If you’re looking for a lovely film to see this weekend with your partner, family, friends or even just taking yourself to see a film, I definitely recommend Moana for a heart-warming, inspiring tale with humour and an amazing soundtrack!

Have you seen it already?

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I disappeared again (ft. elizavecca hell pore clean up mask review)

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It’s been too long, I wonder if you guys can even remember my name?! I’m so sorry for disappearing again. Life is still being hectic for me or I’m avoiding every responsibility by lying in bed or playing Overwatch (I may have a slight obsession with it). It’s T-Minus 13 days until I go and get the keys to my university accommodation and around 3 weeks until I actually start I believe. As well as that I got a notification off WordPress yesterday saying it’s my 1 year anniversary of starting this blog?! How time flies.

So I decided to return with a silly little cosmetic product review because A) I bought a cute Korean product off Amazon that I wanted to share and B) the packaging is TOO cute not to share widely on the internet. The product is ‘Elizavecca: Hell-Pore Clean Up Mask’ and is a face mask that eventually firms on your skin and you peel off to deep clean pores and remove impurities. One of the biggest things that annoys me about my face is the fact my pores are the most open/obvious thing ever. Especially on my nose and chin area; a lot of the time makeup never really sets well on some areas of my skin and throughout the day it’ll become oily and the pores will be obvious. I’m yet to find a cruelty free primer that makes my skin look almost pore-free but I guess that’s life ey? Everybody has pores and I think me and probably a lot of others forget there’s a softener tool on social media so people can SEEM like they have flawless pore-free skin…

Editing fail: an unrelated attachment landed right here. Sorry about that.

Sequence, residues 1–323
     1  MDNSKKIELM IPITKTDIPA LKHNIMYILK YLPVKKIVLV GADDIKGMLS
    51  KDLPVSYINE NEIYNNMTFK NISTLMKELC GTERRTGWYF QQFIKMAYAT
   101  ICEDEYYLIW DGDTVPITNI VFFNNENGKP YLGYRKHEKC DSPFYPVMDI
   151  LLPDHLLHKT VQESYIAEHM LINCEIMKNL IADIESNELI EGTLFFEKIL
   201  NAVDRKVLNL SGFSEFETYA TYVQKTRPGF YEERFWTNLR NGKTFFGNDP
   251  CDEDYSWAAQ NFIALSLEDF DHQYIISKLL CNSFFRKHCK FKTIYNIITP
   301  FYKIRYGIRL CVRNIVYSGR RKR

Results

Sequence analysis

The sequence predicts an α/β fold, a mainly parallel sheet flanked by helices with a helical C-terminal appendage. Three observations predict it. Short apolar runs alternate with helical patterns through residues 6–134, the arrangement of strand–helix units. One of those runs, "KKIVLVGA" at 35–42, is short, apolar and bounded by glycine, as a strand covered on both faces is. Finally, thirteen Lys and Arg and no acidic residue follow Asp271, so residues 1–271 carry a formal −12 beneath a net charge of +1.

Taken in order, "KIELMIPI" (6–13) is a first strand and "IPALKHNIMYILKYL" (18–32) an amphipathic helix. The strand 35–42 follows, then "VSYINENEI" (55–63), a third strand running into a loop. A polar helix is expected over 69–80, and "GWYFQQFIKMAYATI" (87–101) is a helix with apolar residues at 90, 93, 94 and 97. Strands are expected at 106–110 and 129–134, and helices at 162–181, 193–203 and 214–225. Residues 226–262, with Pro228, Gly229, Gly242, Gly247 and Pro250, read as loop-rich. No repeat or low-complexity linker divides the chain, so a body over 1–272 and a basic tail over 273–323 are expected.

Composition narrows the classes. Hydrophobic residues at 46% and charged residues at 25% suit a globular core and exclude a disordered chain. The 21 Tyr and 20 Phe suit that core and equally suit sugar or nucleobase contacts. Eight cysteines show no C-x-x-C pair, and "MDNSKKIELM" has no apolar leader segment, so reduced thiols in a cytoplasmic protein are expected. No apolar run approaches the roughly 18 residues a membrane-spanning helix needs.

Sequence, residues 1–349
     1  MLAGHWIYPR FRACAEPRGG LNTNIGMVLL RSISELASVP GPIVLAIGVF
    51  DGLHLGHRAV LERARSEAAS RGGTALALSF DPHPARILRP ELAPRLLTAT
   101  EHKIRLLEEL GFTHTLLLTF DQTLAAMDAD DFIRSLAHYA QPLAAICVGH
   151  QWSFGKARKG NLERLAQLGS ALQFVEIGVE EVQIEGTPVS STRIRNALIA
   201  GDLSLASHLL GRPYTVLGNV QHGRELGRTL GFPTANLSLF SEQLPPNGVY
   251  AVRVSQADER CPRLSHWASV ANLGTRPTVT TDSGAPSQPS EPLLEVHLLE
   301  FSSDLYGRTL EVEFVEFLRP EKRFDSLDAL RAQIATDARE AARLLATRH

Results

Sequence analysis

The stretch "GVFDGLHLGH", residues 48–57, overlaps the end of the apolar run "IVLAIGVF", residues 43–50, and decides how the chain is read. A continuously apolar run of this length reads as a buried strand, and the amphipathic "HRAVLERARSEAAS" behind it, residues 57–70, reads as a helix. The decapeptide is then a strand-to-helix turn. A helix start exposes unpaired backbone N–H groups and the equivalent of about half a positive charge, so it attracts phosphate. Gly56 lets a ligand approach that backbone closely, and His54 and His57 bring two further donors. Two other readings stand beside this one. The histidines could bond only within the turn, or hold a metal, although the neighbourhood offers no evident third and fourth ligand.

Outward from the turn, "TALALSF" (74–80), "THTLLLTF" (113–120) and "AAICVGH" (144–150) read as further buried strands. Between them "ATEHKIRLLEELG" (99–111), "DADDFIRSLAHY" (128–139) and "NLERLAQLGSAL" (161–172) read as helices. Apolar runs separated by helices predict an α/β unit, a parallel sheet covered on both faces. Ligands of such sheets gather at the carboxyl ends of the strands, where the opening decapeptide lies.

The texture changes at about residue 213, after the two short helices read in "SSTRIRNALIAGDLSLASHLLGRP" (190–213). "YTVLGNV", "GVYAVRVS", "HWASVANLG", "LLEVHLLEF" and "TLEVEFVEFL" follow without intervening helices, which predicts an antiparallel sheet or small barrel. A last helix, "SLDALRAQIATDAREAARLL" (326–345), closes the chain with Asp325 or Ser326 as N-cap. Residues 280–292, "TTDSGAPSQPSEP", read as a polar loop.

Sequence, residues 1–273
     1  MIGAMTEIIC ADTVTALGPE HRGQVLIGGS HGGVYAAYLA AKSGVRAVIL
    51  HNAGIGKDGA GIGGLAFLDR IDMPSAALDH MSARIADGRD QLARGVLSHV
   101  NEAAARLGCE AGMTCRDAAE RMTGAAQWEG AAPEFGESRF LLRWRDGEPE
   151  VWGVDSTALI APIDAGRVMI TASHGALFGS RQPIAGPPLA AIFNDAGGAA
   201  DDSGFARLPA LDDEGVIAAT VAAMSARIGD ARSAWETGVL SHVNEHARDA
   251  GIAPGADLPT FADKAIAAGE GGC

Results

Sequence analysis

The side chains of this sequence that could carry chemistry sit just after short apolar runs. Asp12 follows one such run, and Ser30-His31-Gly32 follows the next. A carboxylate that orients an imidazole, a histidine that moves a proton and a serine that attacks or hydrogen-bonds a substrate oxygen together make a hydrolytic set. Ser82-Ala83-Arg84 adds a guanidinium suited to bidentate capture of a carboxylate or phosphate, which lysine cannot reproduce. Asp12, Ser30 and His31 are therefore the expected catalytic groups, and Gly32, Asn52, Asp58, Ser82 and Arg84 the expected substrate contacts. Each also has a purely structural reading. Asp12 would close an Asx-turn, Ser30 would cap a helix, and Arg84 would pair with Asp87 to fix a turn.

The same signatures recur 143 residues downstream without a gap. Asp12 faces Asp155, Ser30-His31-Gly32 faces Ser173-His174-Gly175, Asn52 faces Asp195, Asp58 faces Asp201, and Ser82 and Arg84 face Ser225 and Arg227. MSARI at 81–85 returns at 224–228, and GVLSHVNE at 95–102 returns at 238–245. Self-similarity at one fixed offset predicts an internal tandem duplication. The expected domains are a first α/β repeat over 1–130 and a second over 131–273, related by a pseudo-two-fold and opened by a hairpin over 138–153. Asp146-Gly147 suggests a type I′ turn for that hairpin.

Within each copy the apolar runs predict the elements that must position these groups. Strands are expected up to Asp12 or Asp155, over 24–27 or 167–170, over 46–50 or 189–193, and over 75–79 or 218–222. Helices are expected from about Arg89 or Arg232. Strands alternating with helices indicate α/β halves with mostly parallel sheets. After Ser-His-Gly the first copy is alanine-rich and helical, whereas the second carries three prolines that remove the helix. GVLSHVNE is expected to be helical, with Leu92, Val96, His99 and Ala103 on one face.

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I purchased it here!

So this is the box it came in! I’m absolutely in love with the design, the colours are so bright and the illustration on the box is so cute and funny. I love the little devil pig that looks like it’s going ‘huff huff!’ in annoyance of the blackheads! As I said this product is Korean so a lot of the text on the box is not in English aside from this one side, which was quite helpful!

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This side of the box basically explains what the product is meant to do and the warnings just in case of allergic reactions! This product is basically a face mask that dries on your skin and when you peel it off it should remove impurities such as blackheads and whiteheads from your pores. I instantly thought of those nose peel masks you can get to try and individually cleanse the pores on your nose or of the clay masks that help firm your skin and remove dead skin. So let’s go through the application and my outcome!

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My silly face up there is how my skin looks when I’ve taken off my makeup and prepped my skin for this face mask! If you look closely you can see I have quite a few blemishes on my cheeks and chin, as well as that my nose and the patch of skin in between my eyebrows have quite open pores or tiny, tiny blackheads. Has anybody else got those tiny blackheads in their nose, that have seemed to be there since forever but are yet to find a way to get them out without making your nose break out?